Carl Jung says, “Real liberation comes not from glossing over or repressing painful states of feeling, but only from experiencing them to the fullest.” Tian Dayton, I don’t think I’ve talked about her on this podcast ever before, she’s an author and she has several books that I have loved over the years. One of her books that I love is “Emotional Sobriety”. She has one called “Heart Wounds”, “The Drama Within”. She’s got a ton of books that she writes about emotional sobriety and family dysfunction. She says, “Neural-repatterning comes as we enter into and sustain new types of relationships that allow us to re-regulate our sense impressions slowly and over time.” I know for me as I’ve done work on myself to become healthier and to improve my emotional intelligence, the relationships that I have entered into, whether it be with friends, whether it be with my spouse, whether it be with my kids, my siblings, has allowed me to re-regulate my core beliefs that were not healthy, my sense impressions and have moved me into being able to be more relational.

Now I think it was in the early 70s, Dr. Scott Wolf was encouraged by his mentor to do a longitudinal study of marriages in order to gain evidence-based research into effective skills for working with couples. At that time, there were a few studies looking at successful marriages, and a lot of studies on divorce. As Dr. Wolf looked at the studies on marriages, he found some significant methodological errors in how the study had been conducted. The studies he was looking at concluded that communication was the most important variable; however, the most significant finding from Dr. Wolf’s study was that the perception of how empathetic your partner is toward you is the greatest variable in marital satisfaction. We have to believe deep down that despite any surface differences, our partner is empathetic and is willing to see things from our point of view. Empathic understanding is one of the primary processes in marital communication which facilitates satisfaction. Empathy encourages emotional bonding and determines in part whether or not a couple will describe their marriage as satisfying. What predicts marital satisfaction is the process of actively reaching out to understand your partner’s thoughts, feelings, and inner world, and when you show compassion, you demonstrate the capacity to describe your partner’s inner experience and communicate that understanding so effectively that your partner feels like you’ve got them. You also consistently show curiosity, ask thoughtful questions, remain attuned with your partner as your growing understanding of their feelings unfolds. Empathy includes not only how you think, but also how you regulate your emotions and how effectively you can communicate without sliding into defensiveness or criticism.

So let’s talk about some of the tips and tricks for managing our emotions and regulating our emotions. So tip #1: Pause to look inside and label your internal feeling. Tian Dayton also said, “Suffering is to the heart and soul as tears are to the eyes, cleansing and expelling toxicity from the inner system. When we do not allow ourselves to feel appropriate pain, we move into a sort of non-experience. We watch life rather than live it. We look but never get too close.” So we’ve got to start pausing and we’ve got to go look inside, we’ve got to get familiar with what is the language of emotions.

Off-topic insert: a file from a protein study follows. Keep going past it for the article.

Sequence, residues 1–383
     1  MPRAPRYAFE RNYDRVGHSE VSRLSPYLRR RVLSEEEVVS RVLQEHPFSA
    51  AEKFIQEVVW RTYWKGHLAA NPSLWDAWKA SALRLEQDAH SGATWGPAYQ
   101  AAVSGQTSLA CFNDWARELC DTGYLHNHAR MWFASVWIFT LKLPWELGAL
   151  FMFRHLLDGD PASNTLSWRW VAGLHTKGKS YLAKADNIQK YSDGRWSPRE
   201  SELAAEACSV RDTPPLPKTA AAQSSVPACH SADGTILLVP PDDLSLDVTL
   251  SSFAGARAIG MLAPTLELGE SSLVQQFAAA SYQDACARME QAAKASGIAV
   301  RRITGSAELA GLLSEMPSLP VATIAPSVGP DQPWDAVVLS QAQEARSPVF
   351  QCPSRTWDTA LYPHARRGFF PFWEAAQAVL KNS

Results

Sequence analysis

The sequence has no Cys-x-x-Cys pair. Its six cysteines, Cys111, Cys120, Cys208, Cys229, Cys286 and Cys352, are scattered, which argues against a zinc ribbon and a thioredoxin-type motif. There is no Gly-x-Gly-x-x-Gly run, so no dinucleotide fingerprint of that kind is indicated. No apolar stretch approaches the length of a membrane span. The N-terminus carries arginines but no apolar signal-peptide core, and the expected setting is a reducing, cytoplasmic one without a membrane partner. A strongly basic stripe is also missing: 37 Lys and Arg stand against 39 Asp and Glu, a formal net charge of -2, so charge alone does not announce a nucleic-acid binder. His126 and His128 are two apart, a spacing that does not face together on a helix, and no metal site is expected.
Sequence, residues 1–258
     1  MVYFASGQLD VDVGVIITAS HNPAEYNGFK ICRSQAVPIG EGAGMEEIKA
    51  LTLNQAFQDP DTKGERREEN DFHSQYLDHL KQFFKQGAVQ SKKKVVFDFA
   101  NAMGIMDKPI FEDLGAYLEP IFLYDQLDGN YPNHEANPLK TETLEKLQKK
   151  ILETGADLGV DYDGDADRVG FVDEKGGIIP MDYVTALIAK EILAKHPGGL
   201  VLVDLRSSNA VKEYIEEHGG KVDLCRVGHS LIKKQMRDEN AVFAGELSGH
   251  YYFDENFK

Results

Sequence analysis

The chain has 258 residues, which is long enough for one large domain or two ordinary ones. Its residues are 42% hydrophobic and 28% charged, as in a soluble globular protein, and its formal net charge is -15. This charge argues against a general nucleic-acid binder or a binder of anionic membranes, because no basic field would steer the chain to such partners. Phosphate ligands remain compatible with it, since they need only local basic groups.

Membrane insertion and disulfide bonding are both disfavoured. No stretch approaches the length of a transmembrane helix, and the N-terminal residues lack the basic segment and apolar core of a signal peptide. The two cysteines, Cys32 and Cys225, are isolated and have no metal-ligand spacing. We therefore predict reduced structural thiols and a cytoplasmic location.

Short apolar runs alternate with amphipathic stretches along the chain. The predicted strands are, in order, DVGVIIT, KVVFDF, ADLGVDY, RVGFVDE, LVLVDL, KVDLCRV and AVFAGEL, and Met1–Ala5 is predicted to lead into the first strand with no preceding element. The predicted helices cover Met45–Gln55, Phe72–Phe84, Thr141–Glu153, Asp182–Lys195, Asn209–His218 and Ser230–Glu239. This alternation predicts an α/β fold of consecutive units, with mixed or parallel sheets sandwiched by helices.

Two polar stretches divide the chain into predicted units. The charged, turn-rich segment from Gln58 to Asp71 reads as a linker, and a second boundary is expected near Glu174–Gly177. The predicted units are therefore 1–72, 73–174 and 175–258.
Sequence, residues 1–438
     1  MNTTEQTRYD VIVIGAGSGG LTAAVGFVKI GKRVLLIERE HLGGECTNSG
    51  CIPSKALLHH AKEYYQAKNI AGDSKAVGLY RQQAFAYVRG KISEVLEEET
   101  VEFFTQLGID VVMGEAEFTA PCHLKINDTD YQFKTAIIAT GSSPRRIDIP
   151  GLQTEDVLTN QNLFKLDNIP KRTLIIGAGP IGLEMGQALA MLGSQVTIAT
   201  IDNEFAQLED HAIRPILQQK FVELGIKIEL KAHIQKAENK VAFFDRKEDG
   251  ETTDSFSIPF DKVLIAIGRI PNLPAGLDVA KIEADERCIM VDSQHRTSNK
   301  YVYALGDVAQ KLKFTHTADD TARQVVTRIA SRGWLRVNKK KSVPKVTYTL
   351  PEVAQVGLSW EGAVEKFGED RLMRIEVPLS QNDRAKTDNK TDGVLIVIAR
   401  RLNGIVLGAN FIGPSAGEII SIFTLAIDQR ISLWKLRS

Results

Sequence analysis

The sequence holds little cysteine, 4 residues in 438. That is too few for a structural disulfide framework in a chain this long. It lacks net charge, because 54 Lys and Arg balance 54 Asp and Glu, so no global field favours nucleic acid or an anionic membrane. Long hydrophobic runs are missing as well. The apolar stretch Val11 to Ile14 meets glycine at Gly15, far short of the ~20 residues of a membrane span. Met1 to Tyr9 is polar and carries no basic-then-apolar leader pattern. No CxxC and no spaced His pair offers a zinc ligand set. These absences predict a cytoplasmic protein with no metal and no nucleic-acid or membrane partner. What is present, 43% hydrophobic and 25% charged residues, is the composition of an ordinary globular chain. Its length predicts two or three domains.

Tip #2: Look for a second response. So some of our default settings will come up regardless of how much work we’ve done to correct them. I often tell clients the key isn’t to extinguish these reactions that have been born our of our trauma and our attachment wounds, but instead to have a second response. We may have that default first response come up, but if we can practice looking for another possibility or another perspective or another option for us to respond with, I think this comes from developing our own inner observer. Tian Dayton says, “Part of what makes a situation traumatic is not talking about it. Talking reduces trauma symptoms. When we don’t talk about trauma, we remain emotionally illiterate. Our most powerful feelings go unnamed and unspoken.” So if your response is similar to mine, to lean away from and to move out of feeling emotion, you can develop and practice a second response of coming back in and moving in and sitting with.

Tip #3: Optimize the likelihood of being heard. So I think often once we reflect in and we can have a second response, we then strategize how best to express what you’re feeling and experiencing. We have to recognize hot-button words and phrases that might not get us what we want. We don’t get the response, we don’t get the connection we’re needing if we say things like, “You’re so much like your dad” or “You’re so much like your mom”, just different words and phrases that we use that are just going to appear to be an attack and thereby bring a defensive reaction. I often say your approach dictates your response, so if we can begin with something like “I feel” or “I felt” or “I have been feeling” and become familiar with emotion words and the difference between emotions and thoughts. Sometimes we go to “I think”. Well we’re still looking for this emotional connection, so we might have a thought about it, but let’s back that up further because initially we had an emotional response.

Tip #4: Give the back story. Explain the source of the feeling. So for some people, what they’re feeling internally, they may have been kind of chewing on for a week or two weeks or a month or a couple of hours, and all of a sudden, they start talking on day 7, but they’re not giving what happened day 1 through 6, so for the person that they’re talking to, often this feels like well, where is this coming from? This seems like it’s coming from out of the blue, and you’ve got to give the back story. You’ve got to give the context as to where this started.